The President of the Liberia Broadcasting System’s Workers Union has called on government and the general public to contribute towards the renovation of houses on the ELBC compound.In an exclusive interview with the Daily Observer, Mr. Moses G. Dorbor said the dilapidated conditions of the buildings have reduced space for various functions at the station, leading to workers being restricted to one building.“I am moved as a leader and a citizen with an intelligent mind to say that ELBC needs to experience better postwar benefits. For a little over 10 years now we have had peace and continue using this state broadcaster to inform, educate and entertain people of all walks of life, but we still see these buildings continue to lie in ruin since the civil war ended,” he said.“Holding all factors constant that this is our ‘Nation’s Pride,’ the government needs to see reason to prioritize the renovation of these buildings,” said Dorbor.LBS sources estimate that about US$1.5 million is needed to address the infrastructural problems of the state run broadcast entity.“Veteran media practitioners who served ELBC and every Liberian are encouraged to contribute towards the rebuilding of the offices and staff quarters at LBS that are important to the running of the station,” he continued.According to him, the daily intake for services at the station cannot amount to the sum that can possibly mitigate the pressing challenges.The LBS Workers Union president said though donors sympathize with ELBC, they are not responsible to do it all.“The international media institutions that come to help us,” he said, “have business oriented motives and are not prepared to do everything.”He said International media like BBC, CCTV and RFI collaborate with foreign media entities in order to get their frequencies active worldwide, but are not responsible to do everything for the station.Meanwhile, Mr. Dorbor appealed to the government to increase the budget of LBS from US$800,000 to an amount that will meet the present economic realities, because the current allotment cannot meet the needs of the station. He said maintenance of the generator, salary payments and stationery, among others, are basic pressing needs of the station that the above amount cannot totally address.He praised all his LBS colleagues for their level of cooperation in realizing successes thought to be impossible in times past.Share this:Click to share on Twitter (Opens in new window)Click to share on Facebook (Opens in new window)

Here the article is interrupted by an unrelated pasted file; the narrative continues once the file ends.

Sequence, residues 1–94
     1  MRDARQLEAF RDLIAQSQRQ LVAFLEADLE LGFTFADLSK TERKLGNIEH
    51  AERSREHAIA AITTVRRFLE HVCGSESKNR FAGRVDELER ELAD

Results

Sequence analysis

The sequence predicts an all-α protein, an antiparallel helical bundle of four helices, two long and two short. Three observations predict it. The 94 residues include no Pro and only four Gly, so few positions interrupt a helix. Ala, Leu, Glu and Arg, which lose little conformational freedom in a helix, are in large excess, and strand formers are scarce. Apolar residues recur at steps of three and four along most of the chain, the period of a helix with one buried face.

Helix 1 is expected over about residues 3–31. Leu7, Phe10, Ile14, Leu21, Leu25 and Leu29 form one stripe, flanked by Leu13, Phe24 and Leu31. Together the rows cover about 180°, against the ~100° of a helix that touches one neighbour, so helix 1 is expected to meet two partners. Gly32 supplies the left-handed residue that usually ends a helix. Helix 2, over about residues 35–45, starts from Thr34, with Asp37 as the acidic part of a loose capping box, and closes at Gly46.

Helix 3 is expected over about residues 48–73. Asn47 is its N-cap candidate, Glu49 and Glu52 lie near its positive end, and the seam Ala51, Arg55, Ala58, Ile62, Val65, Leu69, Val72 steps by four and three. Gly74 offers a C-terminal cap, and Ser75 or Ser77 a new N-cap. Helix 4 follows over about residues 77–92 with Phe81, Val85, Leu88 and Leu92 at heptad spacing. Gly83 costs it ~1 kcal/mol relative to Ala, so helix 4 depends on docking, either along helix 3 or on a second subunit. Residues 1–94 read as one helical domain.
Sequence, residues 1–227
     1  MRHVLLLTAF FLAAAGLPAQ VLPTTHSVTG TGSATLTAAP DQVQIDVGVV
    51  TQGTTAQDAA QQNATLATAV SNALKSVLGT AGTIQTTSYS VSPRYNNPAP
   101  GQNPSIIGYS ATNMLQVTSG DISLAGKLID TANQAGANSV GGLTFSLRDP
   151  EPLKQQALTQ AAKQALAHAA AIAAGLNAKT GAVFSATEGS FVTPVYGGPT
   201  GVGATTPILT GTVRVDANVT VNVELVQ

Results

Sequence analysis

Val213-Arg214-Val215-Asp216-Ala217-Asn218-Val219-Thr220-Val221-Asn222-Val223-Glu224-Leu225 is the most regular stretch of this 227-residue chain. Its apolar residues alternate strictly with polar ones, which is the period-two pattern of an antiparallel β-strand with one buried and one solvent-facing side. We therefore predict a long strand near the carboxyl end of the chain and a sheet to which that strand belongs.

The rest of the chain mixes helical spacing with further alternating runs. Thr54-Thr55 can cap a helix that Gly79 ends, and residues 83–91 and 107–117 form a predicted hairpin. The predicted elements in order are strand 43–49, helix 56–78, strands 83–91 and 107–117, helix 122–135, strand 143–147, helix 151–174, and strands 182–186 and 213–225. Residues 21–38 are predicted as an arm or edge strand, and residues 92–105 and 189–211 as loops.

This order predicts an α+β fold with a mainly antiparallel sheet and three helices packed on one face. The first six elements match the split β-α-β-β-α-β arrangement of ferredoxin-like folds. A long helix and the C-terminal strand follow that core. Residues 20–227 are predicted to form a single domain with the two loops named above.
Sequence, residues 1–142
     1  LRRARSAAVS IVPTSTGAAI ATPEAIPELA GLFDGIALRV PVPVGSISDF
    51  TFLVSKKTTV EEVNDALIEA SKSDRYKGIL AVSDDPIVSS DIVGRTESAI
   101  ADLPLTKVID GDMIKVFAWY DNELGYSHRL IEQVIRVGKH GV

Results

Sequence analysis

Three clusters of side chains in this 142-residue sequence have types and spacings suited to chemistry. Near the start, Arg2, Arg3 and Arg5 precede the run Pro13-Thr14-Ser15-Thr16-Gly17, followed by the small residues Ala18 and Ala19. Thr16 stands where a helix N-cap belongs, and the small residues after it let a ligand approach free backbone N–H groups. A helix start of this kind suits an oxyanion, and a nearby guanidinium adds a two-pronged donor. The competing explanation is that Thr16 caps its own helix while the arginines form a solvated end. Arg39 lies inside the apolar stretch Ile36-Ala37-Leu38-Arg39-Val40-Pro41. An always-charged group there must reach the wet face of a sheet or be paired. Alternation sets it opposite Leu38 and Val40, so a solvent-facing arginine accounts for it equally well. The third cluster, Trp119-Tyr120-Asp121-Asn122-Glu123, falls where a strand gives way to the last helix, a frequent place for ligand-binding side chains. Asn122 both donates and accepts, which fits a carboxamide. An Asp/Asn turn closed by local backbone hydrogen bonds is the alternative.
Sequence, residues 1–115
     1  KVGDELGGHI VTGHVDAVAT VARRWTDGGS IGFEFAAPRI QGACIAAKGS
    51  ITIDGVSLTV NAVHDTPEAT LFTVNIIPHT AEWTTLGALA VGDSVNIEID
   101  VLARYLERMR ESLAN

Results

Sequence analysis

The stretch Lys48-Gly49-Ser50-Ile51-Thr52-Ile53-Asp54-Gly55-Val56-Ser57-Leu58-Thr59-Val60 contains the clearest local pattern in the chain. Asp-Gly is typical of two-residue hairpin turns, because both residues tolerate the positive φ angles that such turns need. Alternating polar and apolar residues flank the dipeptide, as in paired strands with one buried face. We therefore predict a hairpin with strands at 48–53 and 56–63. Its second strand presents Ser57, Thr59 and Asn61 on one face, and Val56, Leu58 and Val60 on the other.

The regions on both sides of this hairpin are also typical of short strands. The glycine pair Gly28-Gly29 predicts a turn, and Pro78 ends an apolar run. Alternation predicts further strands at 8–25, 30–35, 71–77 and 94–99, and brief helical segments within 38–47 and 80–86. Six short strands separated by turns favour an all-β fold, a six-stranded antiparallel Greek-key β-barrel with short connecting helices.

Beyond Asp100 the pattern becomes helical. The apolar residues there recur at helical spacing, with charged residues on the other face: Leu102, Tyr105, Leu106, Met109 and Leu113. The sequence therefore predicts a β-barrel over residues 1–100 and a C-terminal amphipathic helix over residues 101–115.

Christmas shoppingWith Christmas Day only days away, Georgetown is buzzing with activities as excited persons fill the city’s streets and sellers display their festive commodities.Georgetown — in particular along Regent Street to Avenue of the Republic — is becoming more congested, as exuberant vendors look forward to an exciting Christmas with their families this year.However, when Guyana Times caught up with some of the vendors on Monday, they expressed that all is not as merry and bright as it may seem. A clothing vendor who gave her name only as Natasha said sales are slow although theVendor Don Paulstreets are filled with persons.“Right now things lil slow, but I’m hoping that it will pick up, maybe by weekend into next week. People not really buying clothes…but in between yuh still getting one and two things sell. I know things will pick up later on, man,” she told this publication.Meanwhile, a beads and craft vendor related that “things going nice” so far for the season.Leon Anthony said people are shopping every day. He took the time to encourage the Guyanese public to be safe on the road ways, and to always designate a driver if consuming alcohol during this season.“Everything nice, man! Everybody doing deh shopping; businesses blooming and so on. No complaints. My wish for Guyana is for everyone to have a merry Christmas and a blessed new year. Make sure to use the roadways safely, and just have a nice time,” Anthony declared.Don Paul, a fruits vendor, highlighted the reason for the season as he stated thatVendor Jerry Londonit’s a time to spread love and joy to each other. “It’s not only shopping up and suh; this time is to spend time with yuh family and people close to you. My plans for this Christmas is just to eat, drink and be merry. Season’s greetings to all Guyanese near and far”.He also noted that even though “things are slow”, he is contented with whatever he sells at the end of the day.When Guyana Times spoke with plants vendor Jerry London within the city about business sales and his plans for the season, he related that even though the holidays are near, the sales are still quite low.“Well, even though things are slow, I know that Guyanese are late shoppers; so I’m hoping that it will pick up in the week.”These vendors remain positive that things will change over the coming week.SafetyFor business persons, the Guyana Police Force has called for checks to be made to Closed Circuit Television (CCTV) systems to ensure they are working properly. In fact, the Force is encouraging that Digital Video Recorder (DVRs) be properly secured to preserve valuable information.Advice was also issued for visitors in the capital city by ‘A Division’ (Georgetown-East Bank Demerara) Commander Marlon Chapman recently, as he urgedNatasha (only name given) along with other vendors on Avenue of the Republic, Georgetownshoppers to “carry your wallet in an inside jacket or inside trousers pocket. Avoid rear pockets. Keep purses on your lap when dining out, Not dangling over the back of a chair.”According to Chapman, Police patrols and outposts around the city will be boosted in a bid to ensure a secure shopping environment.He revealed that part of the efforts to ensure increased safety is the splitting of Georgetown into seven sub-sections, as compared to six last year.These sub-sections run from Agricola, Greater Georgetown to Central Georgetown. The areas will be equipped with mobile outposts and frequent patrols will occur, with senior members of the GPF in charge of each sub-sector.